Simply put: The most important thing in creating accessible documentation for APIs comes down to making sure the web page, text, and any visual representations or images are accessible to various assistive technologies. That means they are clear, and can be read — by all.
"Clear" documentation also follows web accessibility guidelines. As a quick review, that includes proper headings, correct labeling for links and buttons, readable text with good contrast, and making sure it can be navigated with a keyboard. Here is a more in depth post of web accessibility guidelines for developers.
In the end, the tester at Fable was able to successfully follow the instructions on our guide for building a simple web app.
Ensure Documentation is Inclusive
There’s more to think about beyond usability, too — language is also quite important. Google’s developer documentation style guides have some great guidelines and examples that illustrate best practices to keep diversity and inclusion in mind. For instance, avoid ableist language, unnecessarily gendered language, and unnecessarily violent language.
Include specifically diverse and inclusive examples, such as using gender-neutral pronouns. When writing documentation, write about features and users in inclusive ways: “For example, instead of referring to people as native speakers or non-native speakers of English, consider whether your document needs to discuss this at all, and revise it to discuss the feature in terms that are relevant to anyone regardless of what languages they know.” Avoid bias and harm when discussing disability and accessibility. Google writes, “Take the time to educate yourself about the ways that the communities that you're writing about prefer to be identified and described before writing about them in your documentation.”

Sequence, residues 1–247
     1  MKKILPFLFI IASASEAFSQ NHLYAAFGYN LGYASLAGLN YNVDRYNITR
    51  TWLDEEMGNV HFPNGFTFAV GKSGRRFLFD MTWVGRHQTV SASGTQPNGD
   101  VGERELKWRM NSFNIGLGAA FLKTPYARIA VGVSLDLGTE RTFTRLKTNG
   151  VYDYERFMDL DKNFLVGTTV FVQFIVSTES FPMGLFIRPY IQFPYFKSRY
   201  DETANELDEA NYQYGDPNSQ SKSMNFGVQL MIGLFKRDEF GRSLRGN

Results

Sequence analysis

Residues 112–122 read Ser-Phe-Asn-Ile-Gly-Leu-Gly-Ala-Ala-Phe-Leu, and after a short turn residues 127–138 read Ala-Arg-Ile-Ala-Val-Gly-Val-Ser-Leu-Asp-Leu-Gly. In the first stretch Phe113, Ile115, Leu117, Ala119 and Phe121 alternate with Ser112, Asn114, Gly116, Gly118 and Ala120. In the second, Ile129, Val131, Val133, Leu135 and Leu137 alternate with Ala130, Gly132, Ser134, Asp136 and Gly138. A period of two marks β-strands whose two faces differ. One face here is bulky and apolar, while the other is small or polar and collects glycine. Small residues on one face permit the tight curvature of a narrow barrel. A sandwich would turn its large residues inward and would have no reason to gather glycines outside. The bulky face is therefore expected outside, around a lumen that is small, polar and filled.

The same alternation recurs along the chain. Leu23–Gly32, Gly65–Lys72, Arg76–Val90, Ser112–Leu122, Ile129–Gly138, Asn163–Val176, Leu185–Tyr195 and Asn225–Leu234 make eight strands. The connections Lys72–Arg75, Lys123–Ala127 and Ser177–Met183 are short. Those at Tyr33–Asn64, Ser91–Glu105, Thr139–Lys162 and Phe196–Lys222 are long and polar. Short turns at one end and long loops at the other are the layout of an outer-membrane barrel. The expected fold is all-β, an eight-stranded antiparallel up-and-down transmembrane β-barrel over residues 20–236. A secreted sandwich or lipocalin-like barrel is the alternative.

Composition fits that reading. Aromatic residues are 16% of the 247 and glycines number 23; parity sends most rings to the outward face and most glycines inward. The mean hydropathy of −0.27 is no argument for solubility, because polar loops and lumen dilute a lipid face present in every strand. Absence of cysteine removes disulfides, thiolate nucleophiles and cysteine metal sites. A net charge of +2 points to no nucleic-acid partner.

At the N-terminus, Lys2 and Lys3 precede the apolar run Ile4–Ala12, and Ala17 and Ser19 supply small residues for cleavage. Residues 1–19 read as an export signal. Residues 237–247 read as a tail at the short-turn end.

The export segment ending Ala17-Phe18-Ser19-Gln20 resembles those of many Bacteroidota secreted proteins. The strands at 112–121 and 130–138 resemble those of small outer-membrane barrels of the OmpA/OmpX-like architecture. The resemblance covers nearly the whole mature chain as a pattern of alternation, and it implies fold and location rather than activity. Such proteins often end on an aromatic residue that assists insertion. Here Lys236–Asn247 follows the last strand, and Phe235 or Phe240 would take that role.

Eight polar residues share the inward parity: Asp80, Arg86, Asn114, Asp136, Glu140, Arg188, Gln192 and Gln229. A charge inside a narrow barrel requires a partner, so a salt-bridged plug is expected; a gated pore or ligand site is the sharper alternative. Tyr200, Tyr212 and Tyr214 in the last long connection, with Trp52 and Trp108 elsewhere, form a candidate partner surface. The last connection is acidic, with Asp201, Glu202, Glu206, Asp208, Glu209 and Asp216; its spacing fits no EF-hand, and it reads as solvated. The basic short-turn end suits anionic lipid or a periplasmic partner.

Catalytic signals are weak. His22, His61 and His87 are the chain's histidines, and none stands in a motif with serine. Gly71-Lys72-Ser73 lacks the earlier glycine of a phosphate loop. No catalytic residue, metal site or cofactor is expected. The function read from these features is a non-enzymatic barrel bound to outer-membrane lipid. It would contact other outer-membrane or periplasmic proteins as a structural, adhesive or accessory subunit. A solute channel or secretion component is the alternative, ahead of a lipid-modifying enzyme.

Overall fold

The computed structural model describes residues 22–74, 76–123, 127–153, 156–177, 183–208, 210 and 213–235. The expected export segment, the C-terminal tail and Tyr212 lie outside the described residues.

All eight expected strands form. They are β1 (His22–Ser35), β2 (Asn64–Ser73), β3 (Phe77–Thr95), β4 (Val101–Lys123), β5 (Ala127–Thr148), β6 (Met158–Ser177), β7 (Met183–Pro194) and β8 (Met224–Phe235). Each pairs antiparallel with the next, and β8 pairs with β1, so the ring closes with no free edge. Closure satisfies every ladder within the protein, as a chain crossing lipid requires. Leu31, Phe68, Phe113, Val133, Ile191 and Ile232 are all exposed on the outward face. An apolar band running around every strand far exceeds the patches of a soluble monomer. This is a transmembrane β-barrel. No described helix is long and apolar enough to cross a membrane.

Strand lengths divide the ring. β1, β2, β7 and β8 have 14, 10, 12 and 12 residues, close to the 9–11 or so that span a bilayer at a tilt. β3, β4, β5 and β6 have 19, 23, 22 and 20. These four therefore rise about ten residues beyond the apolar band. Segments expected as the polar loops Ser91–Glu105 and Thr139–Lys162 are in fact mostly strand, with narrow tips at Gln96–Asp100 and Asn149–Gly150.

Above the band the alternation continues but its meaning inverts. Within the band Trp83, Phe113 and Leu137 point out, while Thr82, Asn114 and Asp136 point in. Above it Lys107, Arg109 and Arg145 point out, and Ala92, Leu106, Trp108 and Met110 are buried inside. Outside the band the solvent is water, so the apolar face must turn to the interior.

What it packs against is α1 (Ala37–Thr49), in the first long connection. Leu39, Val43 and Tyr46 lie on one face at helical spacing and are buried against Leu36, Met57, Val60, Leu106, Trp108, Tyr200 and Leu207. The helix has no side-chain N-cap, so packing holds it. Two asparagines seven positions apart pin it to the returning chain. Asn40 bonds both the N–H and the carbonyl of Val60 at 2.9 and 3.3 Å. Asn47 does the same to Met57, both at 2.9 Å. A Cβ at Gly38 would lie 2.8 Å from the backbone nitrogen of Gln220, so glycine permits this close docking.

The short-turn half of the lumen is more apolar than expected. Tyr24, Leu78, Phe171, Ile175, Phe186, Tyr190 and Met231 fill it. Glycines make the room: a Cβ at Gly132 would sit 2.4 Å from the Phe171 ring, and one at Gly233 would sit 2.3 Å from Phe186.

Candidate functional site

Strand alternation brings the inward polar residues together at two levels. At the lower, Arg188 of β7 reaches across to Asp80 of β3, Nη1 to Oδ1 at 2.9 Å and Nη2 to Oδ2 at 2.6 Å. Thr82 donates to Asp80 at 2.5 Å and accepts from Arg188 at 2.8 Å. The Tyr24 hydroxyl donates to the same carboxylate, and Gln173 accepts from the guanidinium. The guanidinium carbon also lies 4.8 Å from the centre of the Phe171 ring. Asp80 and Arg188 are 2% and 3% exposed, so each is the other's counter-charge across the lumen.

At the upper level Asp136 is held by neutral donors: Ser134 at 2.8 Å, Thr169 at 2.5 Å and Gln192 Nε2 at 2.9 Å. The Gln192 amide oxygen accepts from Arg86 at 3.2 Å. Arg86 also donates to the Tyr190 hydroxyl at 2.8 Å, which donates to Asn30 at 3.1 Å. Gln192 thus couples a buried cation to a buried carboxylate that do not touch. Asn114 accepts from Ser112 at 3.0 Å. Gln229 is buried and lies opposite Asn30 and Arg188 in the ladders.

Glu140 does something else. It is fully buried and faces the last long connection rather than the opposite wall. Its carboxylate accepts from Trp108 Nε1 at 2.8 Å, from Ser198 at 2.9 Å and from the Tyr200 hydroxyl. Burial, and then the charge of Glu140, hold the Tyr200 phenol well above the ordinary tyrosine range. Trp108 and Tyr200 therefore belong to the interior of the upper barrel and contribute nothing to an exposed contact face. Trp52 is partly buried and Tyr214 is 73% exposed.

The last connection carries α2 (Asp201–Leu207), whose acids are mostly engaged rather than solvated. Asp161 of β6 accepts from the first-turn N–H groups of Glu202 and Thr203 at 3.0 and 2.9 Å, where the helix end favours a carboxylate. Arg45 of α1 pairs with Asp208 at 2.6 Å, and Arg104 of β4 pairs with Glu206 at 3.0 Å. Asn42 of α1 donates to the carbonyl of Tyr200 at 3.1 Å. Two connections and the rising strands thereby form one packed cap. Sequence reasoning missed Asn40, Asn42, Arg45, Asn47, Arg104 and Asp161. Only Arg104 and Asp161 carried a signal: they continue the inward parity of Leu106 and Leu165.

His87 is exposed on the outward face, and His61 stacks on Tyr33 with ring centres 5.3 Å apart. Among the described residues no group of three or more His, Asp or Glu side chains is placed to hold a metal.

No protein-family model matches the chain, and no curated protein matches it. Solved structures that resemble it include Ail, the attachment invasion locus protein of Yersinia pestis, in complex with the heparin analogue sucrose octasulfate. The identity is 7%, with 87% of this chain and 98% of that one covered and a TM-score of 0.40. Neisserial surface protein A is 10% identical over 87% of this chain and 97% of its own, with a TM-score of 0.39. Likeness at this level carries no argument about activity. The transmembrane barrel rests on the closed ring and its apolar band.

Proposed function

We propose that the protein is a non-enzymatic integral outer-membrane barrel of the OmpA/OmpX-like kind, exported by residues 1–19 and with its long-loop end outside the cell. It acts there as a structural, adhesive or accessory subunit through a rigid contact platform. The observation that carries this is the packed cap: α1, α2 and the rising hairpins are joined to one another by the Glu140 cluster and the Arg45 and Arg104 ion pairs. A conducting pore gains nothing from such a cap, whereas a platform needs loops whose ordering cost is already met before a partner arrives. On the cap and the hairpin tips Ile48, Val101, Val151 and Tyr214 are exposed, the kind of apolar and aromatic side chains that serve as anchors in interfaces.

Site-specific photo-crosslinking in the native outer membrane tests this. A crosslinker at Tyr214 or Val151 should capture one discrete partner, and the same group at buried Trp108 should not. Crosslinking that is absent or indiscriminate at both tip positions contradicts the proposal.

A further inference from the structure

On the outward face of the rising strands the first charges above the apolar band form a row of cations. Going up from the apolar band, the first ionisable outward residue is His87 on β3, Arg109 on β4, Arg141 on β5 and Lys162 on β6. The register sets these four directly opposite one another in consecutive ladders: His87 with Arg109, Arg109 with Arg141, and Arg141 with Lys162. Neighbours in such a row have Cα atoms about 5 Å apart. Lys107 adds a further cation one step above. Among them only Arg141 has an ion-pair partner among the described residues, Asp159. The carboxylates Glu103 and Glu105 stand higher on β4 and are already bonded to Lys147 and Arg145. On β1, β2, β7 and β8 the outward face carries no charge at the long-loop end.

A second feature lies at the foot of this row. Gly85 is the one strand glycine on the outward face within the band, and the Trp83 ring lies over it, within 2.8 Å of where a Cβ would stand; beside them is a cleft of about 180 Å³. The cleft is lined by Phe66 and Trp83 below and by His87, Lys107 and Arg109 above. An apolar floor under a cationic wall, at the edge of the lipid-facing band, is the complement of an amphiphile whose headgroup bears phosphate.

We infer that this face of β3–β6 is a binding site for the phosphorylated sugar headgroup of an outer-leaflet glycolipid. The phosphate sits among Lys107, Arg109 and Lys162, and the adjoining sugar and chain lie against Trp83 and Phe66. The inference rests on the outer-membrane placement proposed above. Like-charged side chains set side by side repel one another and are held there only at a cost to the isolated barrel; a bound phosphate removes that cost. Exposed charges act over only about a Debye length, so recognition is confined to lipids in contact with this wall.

Jennifer Sutton also wrote an awesome 40 page guide to making documents accessible to people who are blind or visually impaired, covering a huge variety of aspects.
Accessible Documentation Leads to Accessible Apps
A world with more diverse creators builds a world with more diverse content and products available — and that benefits us all!
Our overall goal is to make the pipeline for making apps that use spatial audio accessible: Developers who use assistive technologies should be able to easily access our documentation and use our API. We’re excited to see what is already being built with our spatial audio.
In recent news, Clubhouse integrated High Fidelity’s Local Spatializer, facilitating more natural and immersive conversations on their social audio app. Research actually shows that spatial audio can help those who are blind better orient themselves in virtual environments, among other benefits. In fact, on Twitter, several people have already commented on Clubhouse’s new spatial audio improving the experience for the visually impaired...
OMG. I just updated the app and now hear @Clubhouse townhall in spatial audio. This is actually amazing!— Mohit Arora / @9 on #Clubhouse (@_MohitArora) August 29, 2021
This is definitely going to be a big help for the visually impaired to better follow when different people are speaking
Listening now, and if you’re in the audience it really helps separate out new voices when someone starts to speak, will be good for accessibility— Morgan Evetts (@morqon) August 29, 2021
As they talk the voice is gradually phased to a more central position, so you don’t have someone “stage left” for the entire time
Of course, there are many accessibility practices to keep in mind that we’ve outlined above, particularly in web accessibility, documentation, and guides.
But if you’re building any app that uses audio, try implementing spatial audio and testing it with your users for accessibility! You can create a free developer account below.